Head on over to Fort Mason for the San Francisco Public Library’s bookstore, also known as Readers Bookstore, (Fort Mason Center, Building C, Room 165, www.friendssfpl.org/?Readers_FM). Funded and maintained by Friends of the San Francisco Public Library, this jam-packed spot features ‘a staggering variety of books, media, prints and collectibles, all at incredibly low prices.’ It’s a dream-come-true for the repeat bookstore visitor since the books are donated by patrons, and the stock changes weekly. The low prices are totally worth the jaunt into the Marina, even on a busy weekend day, and the vibe is pure book-lover delight. Wander into Green’s for a treat, and step out over the pier to catch a bit of mist on your face before moving on.

Any bookstore list would be remiss without mentioning the historical landmark, City Lights Books (261 Columbus Avenue, www.citylights.com.) For those of us who’ve lived here forever, City Lights is an old familiar friend—it’s the place we grew up with, and now wander in to check out posters of whatever cool and happening-right-now artistic and activist stuff is going on in town. Of course, it’s a favorite place to look for amazing book titles. ‘Free intellectual inquiry’ is its motto, and has been since the 1970’s when it led the way to a new era of free speech, creating a platform for the city’s first publicly free-thinkers. Always worth a stop, and maybe a wander down the way to Caffé Roma for a quick sweet, this bookstore also has its own publishing imprint, so ask for their professional titles.

Head right over to the Mission and go for a good neighborhood walk. Your first stop is Dog-Eared Books (900 Valencia, www.dogearedbooks.com, a collection of new, used and remaindered books (they also buy books), where you’ll find some great book-buying deals for sure. The place is cool-funky, and specialized in off-beat, small press and local literature. A handful of abstract art pieces grace the upper walls, adding a bit of local color to the store. A great place to just hang and while away the moments.

Borderlands | © JoAnneh Nagler
Borderlands | Courtesy JoAnneh Nagler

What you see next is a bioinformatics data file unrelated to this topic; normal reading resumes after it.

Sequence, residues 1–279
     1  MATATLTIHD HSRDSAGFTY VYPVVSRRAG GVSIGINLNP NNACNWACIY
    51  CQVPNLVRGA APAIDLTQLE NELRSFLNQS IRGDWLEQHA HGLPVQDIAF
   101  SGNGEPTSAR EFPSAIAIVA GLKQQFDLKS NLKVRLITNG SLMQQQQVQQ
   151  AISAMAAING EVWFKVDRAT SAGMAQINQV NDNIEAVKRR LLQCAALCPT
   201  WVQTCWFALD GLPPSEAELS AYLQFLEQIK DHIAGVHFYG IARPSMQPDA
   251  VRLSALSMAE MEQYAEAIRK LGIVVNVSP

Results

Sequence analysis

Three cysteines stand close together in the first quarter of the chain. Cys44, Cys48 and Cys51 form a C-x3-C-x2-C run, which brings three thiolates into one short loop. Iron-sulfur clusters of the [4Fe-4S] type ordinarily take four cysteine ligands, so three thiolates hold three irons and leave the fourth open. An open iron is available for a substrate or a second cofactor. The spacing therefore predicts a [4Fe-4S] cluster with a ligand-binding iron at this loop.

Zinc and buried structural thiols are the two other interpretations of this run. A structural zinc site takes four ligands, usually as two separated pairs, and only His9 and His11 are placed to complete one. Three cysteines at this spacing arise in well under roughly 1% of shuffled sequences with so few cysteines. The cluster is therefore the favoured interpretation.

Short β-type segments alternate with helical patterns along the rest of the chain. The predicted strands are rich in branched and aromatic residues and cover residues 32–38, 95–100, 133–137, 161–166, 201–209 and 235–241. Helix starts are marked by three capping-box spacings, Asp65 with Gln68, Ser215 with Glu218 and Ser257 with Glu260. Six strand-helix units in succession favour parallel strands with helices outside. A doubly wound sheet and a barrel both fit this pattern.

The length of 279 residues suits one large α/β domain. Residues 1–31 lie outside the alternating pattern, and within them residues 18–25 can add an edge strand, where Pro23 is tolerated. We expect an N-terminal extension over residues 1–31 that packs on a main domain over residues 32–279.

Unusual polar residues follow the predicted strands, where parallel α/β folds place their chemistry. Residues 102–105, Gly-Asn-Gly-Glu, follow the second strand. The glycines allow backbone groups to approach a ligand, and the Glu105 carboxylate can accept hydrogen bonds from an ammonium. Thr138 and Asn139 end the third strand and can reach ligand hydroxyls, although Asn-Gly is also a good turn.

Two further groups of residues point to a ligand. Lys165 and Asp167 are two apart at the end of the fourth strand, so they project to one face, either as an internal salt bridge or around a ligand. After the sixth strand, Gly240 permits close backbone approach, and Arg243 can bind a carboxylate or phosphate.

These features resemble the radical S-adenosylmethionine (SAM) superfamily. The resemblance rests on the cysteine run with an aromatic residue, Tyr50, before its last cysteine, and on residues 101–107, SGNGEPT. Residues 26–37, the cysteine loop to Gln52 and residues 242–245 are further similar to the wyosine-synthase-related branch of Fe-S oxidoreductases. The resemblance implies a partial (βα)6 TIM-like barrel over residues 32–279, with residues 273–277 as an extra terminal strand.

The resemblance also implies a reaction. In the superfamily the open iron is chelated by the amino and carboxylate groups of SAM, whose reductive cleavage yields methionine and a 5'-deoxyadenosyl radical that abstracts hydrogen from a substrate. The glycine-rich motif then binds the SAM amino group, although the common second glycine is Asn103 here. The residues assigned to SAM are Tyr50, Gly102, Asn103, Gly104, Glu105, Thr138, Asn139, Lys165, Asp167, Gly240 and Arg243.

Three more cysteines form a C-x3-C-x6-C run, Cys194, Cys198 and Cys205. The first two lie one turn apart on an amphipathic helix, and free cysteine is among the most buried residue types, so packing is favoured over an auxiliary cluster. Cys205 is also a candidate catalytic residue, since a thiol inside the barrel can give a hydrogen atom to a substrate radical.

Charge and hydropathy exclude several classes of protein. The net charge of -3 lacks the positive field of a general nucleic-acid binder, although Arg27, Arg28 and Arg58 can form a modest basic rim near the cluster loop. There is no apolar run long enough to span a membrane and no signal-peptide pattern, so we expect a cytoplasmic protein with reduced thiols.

Wander down the street to Borderlands Books (866 Valencia, www.borderlands-books.com), a fantasy, mystery and horror specialty bookstore, that is as neat and clean as a pin. Jeremy Lassen, one of its booksellers, dresses up in full-suited regalia each Sunday—think 1920’s striped suit and tails—to celebrate Borderlands’ ongoing existence after a near-closing earlier this year. More than 300 community members rallied around the much-loved spot and pledged $100 each for a year’s membership, and within 48 hours the store had raised enough money to save the day. The shelves, though, are the real story here. At Borderlands you’ll find a totally unique array of fantasy, sci-fi, horror, mystery and more—stuff you can’t get anywhere else in town—and it’s worth it to just pull a volume or two off any shelf and let your mind be emblazoned with some new and unlikely imagery. There’s a café next door with the same name, adding an artsy vibe to the whole undertaking.

If you’re not completely spent, and you’re game for a walk or drive into the heart of the not-yet-gentrified Mission District, then head to Alley Cat Books, (3036 24th Street, www.alleycatbookshop.com). The place is small and the collection not vast, but it’s the ambiance that’s the draw here. A couple of chairs and random benches sit in the front foyer, and you’ll find a dozen or more hipster author-types hanging out just chatting with the folks about art and music and the written word. Alley Cat has the feel of someone’s living room, a lively conversation spot for both English and Spanish speaking customers. New, used and remaindered books live here, so you’re sure to find some terrific deals.

After all of that intellectual delight, you’re going to need some real sustenance, so wander back over to Valencia and hang at one of the many cafés and eateries along the street’s long length, and then, over a cocktail, call yourself blessed to be living in a city that loves its literature, stands up for its writers, and shares it all with you.

JoAnneh Nagler writes travel, books, plays, essays and music, and is the author of the new book How to Be an Artist Without Losing Your Mind, Your Shirt, or Your Creative Compass (2016), and the Amazon Top-100 book, The Debt-Free Spending Plan. Find her at: www.AnArtistryLife.com.